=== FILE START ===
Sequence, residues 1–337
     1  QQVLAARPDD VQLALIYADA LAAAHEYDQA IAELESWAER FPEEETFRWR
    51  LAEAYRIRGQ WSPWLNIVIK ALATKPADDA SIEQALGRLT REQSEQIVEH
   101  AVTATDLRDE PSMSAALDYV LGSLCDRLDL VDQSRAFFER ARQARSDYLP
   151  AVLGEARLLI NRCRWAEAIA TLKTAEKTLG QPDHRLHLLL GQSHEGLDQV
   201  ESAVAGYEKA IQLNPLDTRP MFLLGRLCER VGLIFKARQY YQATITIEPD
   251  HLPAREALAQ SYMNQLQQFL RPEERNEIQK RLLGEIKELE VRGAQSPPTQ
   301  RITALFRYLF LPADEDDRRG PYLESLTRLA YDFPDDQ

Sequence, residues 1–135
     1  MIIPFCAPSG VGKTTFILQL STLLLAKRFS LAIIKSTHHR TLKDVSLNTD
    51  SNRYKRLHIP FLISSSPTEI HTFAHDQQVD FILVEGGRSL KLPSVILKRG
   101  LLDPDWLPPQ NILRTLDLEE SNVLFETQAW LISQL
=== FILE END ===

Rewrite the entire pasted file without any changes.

Sequence, residues 1–337
     1  QQVLAARPDD VQLALIYADA LAAAHEYDQA IAELESWAER FPEEETFRWR
    51  LAEAYRIRGQ WSPWLNIVIK ALATKPADDA SIEQALGRLT REQSEQIVEH
   101  AVTATDLRDE PSMSAALDYV LGSLCDRLDL VDQSRAFFER ARQARSDYLP
   151  AVLGEARLLI NRCRWAEAIA TLKTAEKTLG QPDHRLHLLL GQSHEGLDQV
   201  ESAVAGYEKA IQLNPLDTRP MFLLGRLCER VGLIFKARQY YQATITIEPD
   251  HLPAREALAQ SYMNQLQQFL RPEERNEIQK RLLGEIKELE VRGAQSPPTQ
   301  RITALFRYLF LPADEDDRRG PYLESLTRLA YDFPDDQ

Sequence, residues 1–135
     1  MIIPFCAPSG VGKTTFILQL STLLLAKRFS LAIIKSTHHR TLKDVSLNTD
    51  SNRYKRLHIP FLISSSPTEI HTFAHDQQVD FILVEGGRSL KLPSVILKRG
   101  LLDPDWLPPQ NILRTLDLEE SNVLFETQAW LISQL